Deno uses the Google V8 engine internally. V8 is not only a JavaScript runtime, but also a WebAssembly virtual machine. WebAssembly is supported in Deno out of the box. Deno provides an API for your TypeScript application to call functions in WebAssembly.

In fact, some popular Deno components are already implemented in WebAssembly. For example, the sqlite module in Deno is created by compiling sqlite’s C source code into WebAssembly using Emscripten. The Deno WASI component enables WebAssembly applications to access the underlying operating system resources, such as the file system. In this article, I will teach you how to write high performance Deno applications in Rust and WebAssembly.

Set up

The first step of course is to install Deno! On most systems, it is just a single command.

$ curl -fsSL https://deno.land/x/install/install.sh | sh

Since we are writing functions in Rust, you also need to install Rust language compilers and tools.

$ curl --proto '=https' --tlsv1.2 -sSf https://sh.rustup.rs | sh

Finally, the ssvmup tool automates the build process and generates all the artifacts to make it easy for your Deno applications to call Rust functions. Again, a single command installs the ssvmup dependency.

$ curl https://raw.githubusercontent.com/second-state/ssvmup/master/installer/init.sh -sSf | sh

Note: The ssvmup uses wasm-bindgen to automatically generate the “glue” code between JavaScript and Rust source code so that they can communicate using their native data types. Without it, the function arguments and return values would be limited to very simple types (i.e., 32 bit integers) supported natively by WebAssembly. For example, strings or arrays would not be possible without ssvmup and wasm-bindgen.

Hello world

To get started, let's look into a hello world example adopted from the Deno hello world example. You can get the hello world source code and application template from GitHub.

The Rust function is in the src/lib.rs file and simply prepends “hello” to an input string. Notice that the say() function gets annotated with #[wasm_bindgen], allowing ssvmup to generate the necessary “plumbing” to call it from TypeScript.

#[wasm_bindgen]
pub fn say(s: &str) -> String {
  let r = String::from("hello ");
  return r + s;
}

The Deno application exists in the deno/server.ts file. The application imports the Rust say() function from the pkg/functions_lib.js file, which gets generated by the ssvmup tool. The functions_lib.js file name depends on the Rust project name defined in the Cargo.toml file.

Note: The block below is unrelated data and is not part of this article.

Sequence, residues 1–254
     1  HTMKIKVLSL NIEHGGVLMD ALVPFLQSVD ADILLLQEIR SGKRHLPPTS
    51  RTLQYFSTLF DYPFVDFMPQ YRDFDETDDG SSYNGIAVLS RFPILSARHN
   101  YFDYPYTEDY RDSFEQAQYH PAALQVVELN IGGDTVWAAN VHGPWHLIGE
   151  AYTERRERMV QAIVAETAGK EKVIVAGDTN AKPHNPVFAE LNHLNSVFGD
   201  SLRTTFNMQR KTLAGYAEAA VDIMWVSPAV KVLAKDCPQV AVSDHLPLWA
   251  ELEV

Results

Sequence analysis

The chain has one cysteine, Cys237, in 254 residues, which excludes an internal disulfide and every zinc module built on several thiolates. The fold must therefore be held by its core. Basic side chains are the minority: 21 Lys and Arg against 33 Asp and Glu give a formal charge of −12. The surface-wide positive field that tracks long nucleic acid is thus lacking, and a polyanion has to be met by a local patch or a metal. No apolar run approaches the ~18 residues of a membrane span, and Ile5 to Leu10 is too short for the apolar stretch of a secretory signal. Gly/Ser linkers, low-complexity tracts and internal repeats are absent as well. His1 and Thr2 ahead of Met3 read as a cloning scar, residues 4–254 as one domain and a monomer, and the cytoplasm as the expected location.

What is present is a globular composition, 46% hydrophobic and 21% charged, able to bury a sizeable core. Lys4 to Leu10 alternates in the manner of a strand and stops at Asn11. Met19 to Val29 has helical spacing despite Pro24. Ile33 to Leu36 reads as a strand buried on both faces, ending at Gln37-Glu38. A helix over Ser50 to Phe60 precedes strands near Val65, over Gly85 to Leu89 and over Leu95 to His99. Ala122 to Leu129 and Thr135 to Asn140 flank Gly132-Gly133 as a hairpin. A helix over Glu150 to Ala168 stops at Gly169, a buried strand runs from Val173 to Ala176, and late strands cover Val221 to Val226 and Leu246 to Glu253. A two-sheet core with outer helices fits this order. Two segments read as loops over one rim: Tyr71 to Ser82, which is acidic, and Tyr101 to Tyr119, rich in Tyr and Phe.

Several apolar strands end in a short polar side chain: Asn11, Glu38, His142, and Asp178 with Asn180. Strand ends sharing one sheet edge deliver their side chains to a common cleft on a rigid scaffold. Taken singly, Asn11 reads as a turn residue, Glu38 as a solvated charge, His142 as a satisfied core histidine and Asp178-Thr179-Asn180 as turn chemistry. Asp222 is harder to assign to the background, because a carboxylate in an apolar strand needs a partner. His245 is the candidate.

import { serve } from "https://deno.land/std/http/server.ts";
import { say } from '../pkg/functions_lib.js';

type Resp = {
    body: string;
}

const s = serve({ port: 8000 });
console.log("http://localhost:8000/");
for await (const req of s) {
  let r = {} as Resp;
  r.body = say (" World\n");
  req.respond(r);
}

Now, let's run ssvmup to build the Rust function into a Deno WebAssembly function.

$ ssvmup build --target deno

After ssvmup successfully completes, you can inspect the pkg/functions_lib.js file to see how the Deno WebAssembly API gets used to execute the compiled WebAssembly file pkg/functions_lib.wasm.

Next, run the Deno application. Deno requires permissions to read the file system since it needs to load the WebAssembly file, and to access the network since it needs to receive and respond to HTTP requests.

$ deno run --allow-read --allow-net --allow-env --unstable deno/server.ts

Note: If you have installed Deno in the past and encounter an error here, it is likely caused by a conflict of cached library versions. Follow the instructions to reload your Deno cache.

In another terminal window, you can now access the Deno web application to make it say hello over an HTTP connection!

$ curl http://localhost:8000/

hello  World

A more complex example

The starter template project includes several more elaborate examples to show how to pass complex data between the Deno TypeScript and Rust functions. Here are some additional Rust functions in src/lib.rs. Notice that each of them is annotated with #[wasm_bindgen].

#[wasm_bindgen]
pub fn obfusticate(s: String) -> String {
  (&s).chars().map(|c| {
    match c {
      'A' ..= 'M' | 'a' ..= 'm' => ((c as u8) + 13) as char,
      'N' ..= 'Z' | 'n' ..= 'z' => ((c as u8) - 13) as char,